Are Flood Control Dams a Dangerous Placebo?

Are flood control dams a dangerous placebo is a question that hasn't been answered. The 1955 flood that struck Winsted, Connecticut suggests that they are.

Are flood control dams a dangerous placebo? This is a question that has remained unanswered since the devastating floods unleashed on the Northeast since August 1955. Hurricane Diane caused the greatest amount of damage followed Hurricane Connie by a week was the nation’s first billion dollar storm because it caused more then a billion dollars worth of property damage. In addition it caused more then 200 people to lose their lives.

The flood waters had not even receded before the U.S. Army Corps busied themselves with plans for protecting the areas affected by the flood by a series of great flood control dams. Many of the rivers and streams in the area affected by flooding from Hurricane Diane quickly sprouted flood control dams, some small, others blocking major rivers. In many places the building of these dams forced the displacement of the people living behind the dam.

These people were forced from their homes when their property was seized by the state under eminent domain. They were paid a pittance for their homes and property, and had to pick up their lives somewhere else. Their houses were razed, and in many places their land was bulldozed to provide water storage volume for the new dam.

A half century after these flood control dams were built what still begs an answer is are these dams really safe in case of another flood the proportion of the floods of August 1955 caused by Hurricane Diane?

Historically, the New England area has been visited by floods of even greater proportions then the flood caused by Hurricane Diane. The city of Winsted, Connecticut that was devastated more then any other city in 1955 suffered a far worse flood in March 1870. This flood caused the dam at Highland Lake to be raised 10 feet. Our Great-Grandfather hauled the stone to the dam site in his large wagons that usually hauled ice from the lake.

A week before Hurricane Diane struck Winsted had already been visited by Hurricane Connie that filled Highland Lake to overflowing stage. The lake was still overflowing when Hurricane Diane struck a week later. The 10 feet of safety built into the lake in 1870 was compromised resulting in untold damage in downtown Winsted downhill from the lake about 100 feet lower.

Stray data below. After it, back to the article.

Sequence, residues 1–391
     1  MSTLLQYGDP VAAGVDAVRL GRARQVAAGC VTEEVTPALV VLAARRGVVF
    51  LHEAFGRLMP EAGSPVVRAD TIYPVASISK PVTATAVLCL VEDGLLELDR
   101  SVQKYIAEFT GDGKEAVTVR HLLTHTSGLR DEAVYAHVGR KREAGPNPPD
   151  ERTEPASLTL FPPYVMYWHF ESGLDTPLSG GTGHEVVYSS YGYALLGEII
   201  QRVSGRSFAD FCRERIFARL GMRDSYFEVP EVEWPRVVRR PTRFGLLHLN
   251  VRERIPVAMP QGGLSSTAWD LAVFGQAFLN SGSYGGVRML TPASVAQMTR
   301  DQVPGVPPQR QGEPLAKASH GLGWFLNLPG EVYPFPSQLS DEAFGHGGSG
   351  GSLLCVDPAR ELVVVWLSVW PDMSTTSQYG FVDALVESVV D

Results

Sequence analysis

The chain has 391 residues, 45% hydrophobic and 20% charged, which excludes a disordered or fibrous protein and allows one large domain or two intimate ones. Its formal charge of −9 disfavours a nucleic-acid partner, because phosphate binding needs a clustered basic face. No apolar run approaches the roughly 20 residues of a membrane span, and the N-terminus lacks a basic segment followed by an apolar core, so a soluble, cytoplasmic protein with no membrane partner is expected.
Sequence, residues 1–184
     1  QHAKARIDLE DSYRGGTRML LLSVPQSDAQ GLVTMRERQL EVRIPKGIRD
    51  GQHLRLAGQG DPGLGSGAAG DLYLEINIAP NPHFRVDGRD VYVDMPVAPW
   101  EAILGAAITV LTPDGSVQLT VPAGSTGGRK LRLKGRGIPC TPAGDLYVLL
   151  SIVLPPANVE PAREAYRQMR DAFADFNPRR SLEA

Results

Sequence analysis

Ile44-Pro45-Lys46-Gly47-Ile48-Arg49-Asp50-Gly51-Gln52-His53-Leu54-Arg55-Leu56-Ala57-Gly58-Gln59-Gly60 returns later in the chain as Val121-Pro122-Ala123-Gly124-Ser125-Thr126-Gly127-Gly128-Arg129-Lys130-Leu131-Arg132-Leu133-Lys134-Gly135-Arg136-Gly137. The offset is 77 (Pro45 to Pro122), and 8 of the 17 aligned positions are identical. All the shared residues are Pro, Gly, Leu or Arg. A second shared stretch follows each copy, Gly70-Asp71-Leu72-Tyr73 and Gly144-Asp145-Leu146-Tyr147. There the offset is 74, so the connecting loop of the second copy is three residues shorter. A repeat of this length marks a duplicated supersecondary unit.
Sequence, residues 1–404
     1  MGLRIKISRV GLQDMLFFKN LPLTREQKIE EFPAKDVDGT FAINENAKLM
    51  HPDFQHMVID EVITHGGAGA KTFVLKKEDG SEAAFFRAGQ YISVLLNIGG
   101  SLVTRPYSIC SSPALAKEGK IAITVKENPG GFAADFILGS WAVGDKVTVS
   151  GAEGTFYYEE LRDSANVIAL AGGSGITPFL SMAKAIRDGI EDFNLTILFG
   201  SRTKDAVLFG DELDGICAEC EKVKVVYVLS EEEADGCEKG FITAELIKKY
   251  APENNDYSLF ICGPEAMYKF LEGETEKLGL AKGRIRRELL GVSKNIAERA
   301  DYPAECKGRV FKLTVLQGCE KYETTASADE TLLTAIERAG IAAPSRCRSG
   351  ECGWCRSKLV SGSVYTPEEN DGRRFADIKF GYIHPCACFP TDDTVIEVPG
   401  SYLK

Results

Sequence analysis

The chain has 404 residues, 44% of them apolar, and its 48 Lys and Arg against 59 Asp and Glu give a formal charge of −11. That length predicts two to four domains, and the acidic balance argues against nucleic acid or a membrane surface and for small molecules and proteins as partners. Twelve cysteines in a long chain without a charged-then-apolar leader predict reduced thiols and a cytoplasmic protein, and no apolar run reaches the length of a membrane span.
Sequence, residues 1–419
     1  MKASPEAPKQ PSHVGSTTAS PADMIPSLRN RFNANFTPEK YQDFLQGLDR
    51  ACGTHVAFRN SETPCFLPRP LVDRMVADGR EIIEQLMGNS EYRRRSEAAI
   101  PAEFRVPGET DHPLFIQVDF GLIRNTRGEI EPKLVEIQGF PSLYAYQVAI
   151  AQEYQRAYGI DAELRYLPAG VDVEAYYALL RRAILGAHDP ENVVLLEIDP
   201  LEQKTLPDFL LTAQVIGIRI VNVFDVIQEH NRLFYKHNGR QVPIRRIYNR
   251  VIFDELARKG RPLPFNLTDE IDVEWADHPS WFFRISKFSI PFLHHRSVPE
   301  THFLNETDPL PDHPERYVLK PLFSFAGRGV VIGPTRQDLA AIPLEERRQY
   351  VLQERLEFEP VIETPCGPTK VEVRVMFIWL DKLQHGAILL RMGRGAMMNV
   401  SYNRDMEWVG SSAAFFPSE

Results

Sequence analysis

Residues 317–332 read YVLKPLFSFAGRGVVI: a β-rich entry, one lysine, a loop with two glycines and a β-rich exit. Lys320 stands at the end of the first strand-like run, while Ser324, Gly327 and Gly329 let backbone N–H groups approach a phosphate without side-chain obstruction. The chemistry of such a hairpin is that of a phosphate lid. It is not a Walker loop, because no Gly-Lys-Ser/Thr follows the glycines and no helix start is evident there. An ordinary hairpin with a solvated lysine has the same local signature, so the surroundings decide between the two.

The present policy at the lake that is now controlled by a landowner’s association is to keep the lake filled to overflowing stage throughout the summer. This flies in the face of the past history of both the lake and downtown Winsted. The most devastating floods are usually associated with hurricanes that occur during the summer months.

The Corps of Engineers built a dam on Sucker Brook that flows into the Lake. Many of the people living around the lake think that this dam will protect them from further floods even though the dam has fallen into disrepair.

The 1955 Flood wasn’t caused by one hurricane but rather two that struck in tandem Hurricanes Connie and Diane. Connie caused the lake to be filled, and Diane made it flood the city of Winsted. It is not impossible for a similar situation to happen in the future where back-to-back storms strike.

When you fill a bathtub with water to the brim what happens if you add more water? Everybody knows that – if you add a lot of water you have a flood on your hands. That is the situation that prevails with a flood control dam. This almost happened in 1985, thirty years after the flood of 1955 when the flood control dam on the Farmington River at the former Colebrook River had reached within less then an inch of flowing over. This was the full tub of water if another storm had followed the first one as Diane followed Diane in 1955 where would the added load of rainwater have gone?

Many people live below these ticking time bombs thinking they are perfectly safe when in truth they are in mortal danger from one of these flood control dams!

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Sam Montana
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Posted on Aug 13, 2010